Father of the Cyborgs seems like a wild science fiction story at times. In the 1990s, Dr. Phil Kennedy made headlines when he planted electrodes in the brain of a paralyzed man and taught him to control a computer with his mind. In 2014, he traveled to South America in order to continue his research on himself. The documentary looks at what happened and the ethics involved.
The benefits behind brain-computer interfaces is explained early in the film. The idea is to help people with severe disabilities since there are few other options for them. Father of the Cyborgs also argues how humanity has enhanced itself since the beginning of time. This includes talk of ballpoint pens and how typewriters were initially created for the blind.
The cold open makes it clear Dr. Kennedy’s research is not universally accepted, however. There is an ominous air as comments about ethics and self experimentation are played. Father of the Cyborgs is not going to look at an open and shut topic. After the beginning, it does take a while before talk of mind control and who be in charge is broached again.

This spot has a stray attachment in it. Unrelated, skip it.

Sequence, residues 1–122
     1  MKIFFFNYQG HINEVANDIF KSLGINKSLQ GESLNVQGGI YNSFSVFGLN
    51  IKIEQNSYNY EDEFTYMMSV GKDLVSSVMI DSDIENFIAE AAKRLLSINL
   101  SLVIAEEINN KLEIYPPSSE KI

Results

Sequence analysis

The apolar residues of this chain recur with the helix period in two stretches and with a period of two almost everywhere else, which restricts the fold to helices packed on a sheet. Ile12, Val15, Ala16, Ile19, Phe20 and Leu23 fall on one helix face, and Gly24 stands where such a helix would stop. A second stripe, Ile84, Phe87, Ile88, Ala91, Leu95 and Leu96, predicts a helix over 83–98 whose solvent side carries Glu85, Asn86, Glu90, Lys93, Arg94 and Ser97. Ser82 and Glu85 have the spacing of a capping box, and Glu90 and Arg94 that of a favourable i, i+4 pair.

When Dr. Kennedy feels he is forced to conduct the experiments on himself, is when Father of the Cyborgs is at its best. While his bravery is commended, many label the neurosurgeon as a mad scientist. As he makes more breakthroughs, it becomes harder to comprehend why he has trouble securing funding. Writer and director David Burke makes things understandable even to laypeople, which makes things easier to follow.
This means when ethical questions are brought into question, Father of the Cyborgs is more accessible. When things become more emotional in the documentary’s final act, it is a little odd. But in the context of what the film is about, it makes complete sense. Things are erratic, but the film is a powerful and interesting look at many different subjects.
The Tribeca Film Festival takes place from June 9 – June 20
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